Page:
in Ireland, the past isn’t dead

Wednesday, the Taoiseach (prime minister) of the Republic of Ireland, Leo Varadkar, and Prime Minister Theresa May of the United Kingdom, both showed up in Belfast in Northern Ireland for the funeral of a young woman named Lyra McKee.

So did the president of the republic, Michael Higgins, and U.K. Opposition Leader Jeremy Corbyn. It’s quite possible that none of them had even heard of her a week ago.

She was a promising young journalist, already well known in the small world of Northern Ireland for her political journalism and her LGBTQ2 activism.

She was killed a week ago by a New IRA terrorist while covering a riot in Derry, the British province’s second city. It was a mistake, of course: the terrorist was probably trying to kill one of the police officers who were standing nearby.

The funeral was held in Belfast’s main Protestant cathedral, St. Anne’s, although McKee had grown up Catholic. Both Catholic and Protestant clergy conducted the funeral service, in a joint rejection of the sectarian violence that is creeping out into the open again in Northern Ireland.

That is why the prime ministers and other high dignitaries were there too – but it may be too late.

McKee described herself as a “ceasefire baby.” She was only eight years old when the Good Friday Agreement was signed in 1998, ending 30 years of The Troubles, a terrorist civil war between Protestant and Catholic extremists that killed more than 3,000 people in a province whose population is less than two million. But the war wasn’t actually about religion.

The Protestants were loyal to Britain (and resentful about losing the absolute dominance they once enjoyed in Northern Ireland). The Catholics were nationalists who looked forward to the day when they would be the majority in Northern Ireland (thanks to a higher birth rate).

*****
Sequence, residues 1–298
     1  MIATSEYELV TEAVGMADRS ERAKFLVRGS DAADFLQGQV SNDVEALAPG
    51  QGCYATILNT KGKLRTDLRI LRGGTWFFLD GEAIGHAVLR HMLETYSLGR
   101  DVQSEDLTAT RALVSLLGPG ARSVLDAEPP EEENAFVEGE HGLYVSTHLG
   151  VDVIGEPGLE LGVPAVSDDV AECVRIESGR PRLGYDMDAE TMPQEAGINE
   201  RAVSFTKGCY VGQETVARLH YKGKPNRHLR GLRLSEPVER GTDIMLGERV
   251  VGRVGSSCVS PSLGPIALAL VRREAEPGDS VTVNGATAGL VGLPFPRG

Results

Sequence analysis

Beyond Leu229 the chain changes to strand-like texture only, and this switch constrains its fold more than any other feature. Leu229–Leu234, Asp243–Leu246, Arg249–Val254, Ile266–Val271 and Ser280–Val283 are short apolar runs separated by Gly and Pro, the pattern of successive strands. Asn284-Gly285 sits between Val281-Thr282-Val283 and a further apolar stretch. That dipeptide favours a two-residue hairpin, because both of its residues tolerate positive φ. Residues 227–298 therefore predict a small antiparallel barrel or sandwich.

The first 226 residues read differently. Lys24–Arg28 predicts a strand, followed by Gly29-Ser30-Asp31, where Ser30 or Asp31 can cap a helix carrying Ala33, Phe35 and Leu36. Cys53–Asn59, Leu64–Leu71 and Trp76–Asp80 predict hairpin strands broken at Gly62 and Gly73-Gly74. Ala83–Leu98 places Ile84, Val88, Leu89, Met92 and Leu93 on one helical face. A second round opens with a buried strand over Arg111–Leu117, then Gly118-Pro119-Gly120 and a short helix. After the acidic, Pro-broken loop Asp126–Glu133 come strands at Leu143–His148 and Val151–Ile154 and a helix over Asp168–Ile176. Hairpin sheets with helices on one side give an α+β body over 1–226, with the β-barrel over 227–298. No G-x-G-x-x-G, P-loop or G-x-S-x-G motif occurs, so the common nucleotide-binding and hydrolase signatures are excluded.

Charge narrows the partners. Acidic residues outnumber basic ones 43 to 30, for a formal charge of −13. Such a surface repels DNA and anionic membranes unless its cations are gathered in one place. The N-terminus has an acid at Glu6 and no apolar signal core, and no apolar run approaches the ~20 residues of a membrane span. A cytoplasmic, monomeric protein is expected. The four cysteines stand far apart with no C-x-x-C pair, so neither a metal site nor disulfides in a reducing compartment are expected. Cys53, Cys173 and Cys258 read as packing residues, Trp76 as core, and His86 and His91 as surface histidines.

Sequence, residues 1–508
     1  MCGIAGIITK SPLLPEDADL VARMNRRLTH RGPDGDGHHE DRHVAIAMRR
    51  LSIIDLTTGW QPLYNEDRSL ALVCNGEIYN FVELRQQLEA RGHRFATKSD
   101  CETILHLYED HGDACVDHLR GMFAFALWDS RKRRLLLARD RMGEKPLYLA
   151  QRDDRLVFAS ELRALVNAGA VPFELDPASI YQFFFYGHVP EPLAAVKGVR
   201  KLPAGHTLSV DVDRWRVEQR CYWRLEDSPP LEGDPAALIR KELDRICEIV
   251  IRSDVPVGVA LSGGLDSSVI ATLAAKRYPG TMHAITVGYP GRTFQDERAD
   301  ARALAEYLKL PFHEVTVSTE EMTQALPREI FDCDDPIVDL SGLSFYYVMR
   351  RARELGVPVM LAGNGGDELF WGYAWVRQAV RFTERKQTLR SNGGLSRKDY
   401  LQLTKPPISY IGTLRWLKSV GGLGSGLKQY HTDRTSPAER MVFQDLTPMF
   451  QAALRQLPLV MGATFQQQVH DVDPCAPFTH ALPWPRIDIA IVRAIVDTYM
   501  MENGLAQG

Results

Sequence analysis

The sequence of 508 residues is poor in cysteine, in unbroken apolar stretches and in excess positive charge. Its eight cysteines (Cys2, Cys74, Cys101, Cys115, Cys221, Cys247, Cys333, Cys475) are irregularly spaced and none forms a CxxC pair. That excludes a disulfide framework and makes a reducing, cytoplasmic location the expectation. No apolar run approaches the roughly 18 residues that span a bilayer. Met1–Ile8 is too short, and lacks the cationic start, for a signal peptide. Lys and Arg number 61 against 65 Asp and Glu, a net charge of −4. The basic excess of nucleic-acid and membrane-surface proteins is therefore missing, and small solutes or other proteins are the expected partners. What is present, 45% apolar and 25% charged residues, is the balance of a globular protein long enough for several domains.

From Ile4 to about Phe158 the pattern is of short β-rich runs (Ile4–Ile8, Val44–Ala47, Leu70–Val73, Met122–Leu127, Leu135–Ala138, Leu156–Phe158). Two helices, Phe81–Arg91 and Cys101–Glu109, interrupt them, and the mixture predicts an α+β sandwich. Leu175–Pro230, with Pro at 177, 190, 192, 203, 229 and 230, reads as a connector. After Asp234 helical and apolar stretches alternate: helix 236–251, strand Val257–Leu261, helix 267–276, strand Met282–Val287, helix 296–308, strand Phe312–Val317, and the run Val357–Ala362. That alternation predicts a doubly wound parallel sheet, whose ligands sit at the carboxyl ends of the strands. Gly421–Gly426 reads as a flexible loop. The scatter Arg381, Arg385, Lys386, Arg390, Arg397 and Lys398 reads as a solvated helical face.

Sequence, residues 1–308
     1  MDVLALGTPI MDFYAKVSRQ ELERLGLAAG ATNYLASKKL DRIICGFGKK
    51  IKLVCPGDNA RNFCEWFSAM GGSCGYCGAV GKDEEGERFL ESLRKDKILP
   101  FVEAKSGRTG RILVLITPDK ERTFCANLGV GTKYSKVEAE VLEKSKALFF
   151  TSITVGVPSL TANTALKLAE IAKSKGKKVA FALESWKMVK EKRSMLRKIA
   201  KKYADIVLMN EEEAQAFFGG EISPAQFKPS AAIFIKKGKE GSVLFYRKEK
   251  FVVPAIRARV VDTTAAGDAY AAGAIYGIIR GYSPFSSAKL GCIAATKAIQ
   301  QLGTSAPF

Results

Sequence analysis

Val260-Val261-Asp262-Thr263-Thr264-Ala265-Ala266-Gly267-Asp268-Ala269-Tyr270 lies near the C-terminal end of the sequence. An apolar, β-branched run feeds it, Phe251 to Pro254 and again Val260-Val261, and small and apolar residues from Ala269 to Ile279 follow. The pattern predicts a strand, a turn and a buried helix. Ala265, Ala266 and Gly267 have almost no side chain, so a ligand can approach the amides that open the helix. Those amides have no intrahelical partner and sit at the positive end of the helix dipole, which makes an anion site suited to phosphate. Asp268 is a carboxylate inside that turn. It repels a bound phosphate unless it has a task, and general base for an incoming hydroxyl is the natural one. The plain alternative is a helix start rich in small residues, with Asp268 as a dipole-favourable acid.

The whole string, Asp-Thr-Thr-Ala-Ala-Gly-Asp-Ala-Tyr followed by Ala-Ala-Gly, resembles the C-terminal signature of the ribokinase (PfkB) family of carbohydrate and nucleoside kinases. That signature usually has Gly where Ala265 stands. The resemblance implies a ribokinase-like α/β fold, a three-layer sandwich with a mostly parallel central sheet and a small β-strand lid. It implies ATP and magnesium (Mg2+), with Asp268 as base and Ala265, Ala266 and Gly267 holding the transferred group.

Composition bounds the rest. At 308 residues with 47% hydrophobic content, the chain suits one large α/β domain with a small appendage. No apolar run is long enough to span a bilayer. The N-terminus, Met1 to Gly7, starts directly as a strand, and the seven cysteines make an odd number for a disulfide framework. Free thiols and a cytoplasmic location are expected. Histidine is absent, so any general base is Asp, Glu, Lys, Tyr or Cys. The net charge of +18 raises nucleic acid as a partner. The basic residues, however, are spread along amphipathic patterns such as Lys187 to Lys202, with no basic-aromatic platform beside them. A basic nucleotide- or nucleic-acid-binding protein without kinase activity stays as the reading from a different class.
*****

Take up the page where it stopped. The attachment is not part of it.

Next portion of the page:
They fought each other to a standstill, and in 1998, they signed the Good Friday Agreement, which created a power-sharing government in Northern Ireland and put an end to the killing.

The deal allowed a generation of young people like McKee to grow up in a relatively peaceful place.

It might still be a place with a hopeful future today if the English had not voted to leave the European Union three years ago in the Brexit referendum. (I say English deliberately, because both the Scots and the Northern Irish voted for the United Kingdom to stay in the EU.)

The problem with Brexit is that the Good Friday deal depends on a completely open border between Northern Ireland and the republic. In fact, an invisible border: no police, no checkpoints, little visual evidence that it even exists. That, plus the right to have an Irish passport instead of a British one if they chose, was what persuaded the North’s Catholic nationalists to settle for a draw in the war.

Everybody in Ireland saw the problem with Brexit: if the U.K. withdraws fully from the EU – no customs union, no single market – then the hard border will have to reappear in Ireland. The more extreme nationalists will see that as a betrayal, and the guns will come out again.

Meanwhile, the terrorist attacks are getting started again in Northern Ireland. The dissidents who formed the Real IRA in 2012 are nationalists who never accepted the truce. They have been waiting for an opportunity to reopen the revolutionary liberation war that they imagine was betrayed by the Good Friday Agreement, and Brexit is giving it to them.

There was a car bomb outside the courthouse in Derry in January, and last week the New IRA tried to kill a police officer and shot McKee instead.

As Will Francis, her literary agent, said (quoting William Faulkner): “The past isn’t dead. It’s not even past.”

Gwynne Dyer’s new book is Growing Pains: The Future of Democracy (and Work).

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